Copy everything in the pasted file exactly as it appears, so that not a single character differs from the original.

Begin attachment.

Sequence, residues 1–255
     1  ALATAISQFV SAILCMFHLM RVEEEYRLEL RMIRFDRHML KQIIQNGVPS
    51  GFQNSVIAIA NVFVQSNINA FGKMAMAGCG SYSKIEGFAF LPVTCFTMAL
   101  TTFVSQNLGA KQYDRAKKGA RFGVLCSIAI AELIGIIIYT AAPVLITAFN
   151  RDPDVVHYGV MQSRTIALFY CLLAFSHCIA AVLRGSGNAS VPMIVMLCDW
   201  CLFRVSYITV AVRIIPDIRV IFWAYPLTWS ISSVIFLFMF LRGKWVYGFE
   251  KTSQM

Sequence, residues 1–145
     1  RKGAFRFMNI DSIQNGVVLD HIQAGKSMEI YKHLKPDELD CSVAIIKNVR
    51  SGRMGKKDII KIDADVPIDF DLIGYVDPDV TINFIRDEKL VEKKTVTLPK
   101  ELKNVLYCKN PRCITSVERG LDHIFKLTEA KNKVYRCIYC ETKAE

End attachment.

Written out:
Sequence, residues 1–255
     1  ALATAISQFV SAILCMFHLM RVEEEYRLEL RMIRFDRHML KQIIQNGVPS
    51  GFQNSVIAIA NVFVQSNINA FGKMAMAGCG SYSKIEGFAF LPVTCFTMAL
   101  TTFVSQNLGA KQYDRAKKGA RFGVLCSIAI AELIGIIIYT AAPVLITAFN
   151  RDPDVVHYGV MQSRTIALFY CLLAFSHCIA AVLRGSGNAS VPMIVMLCDW
   201  CLFRVSYITV AVRIIPDIRV IFWAYPLTWS ISSVIFLFMF LRGKWVYGFE
   251  KTSQM

Sequence, residues 1–145
     1  RKGAFRFMNI DSIQNGVVLD HIQAGKSMEI YKHLKPDELD CSVAIIKNVR
    51  SGRMGKKDII KIDADVPIDF DLIGYVDPDV TINFIRDEKL VEKKTVTLPK
   101  ELKNVLYCKN PRCITSVERG LDHIFKLTEA KNKVYRCIYC ETKAE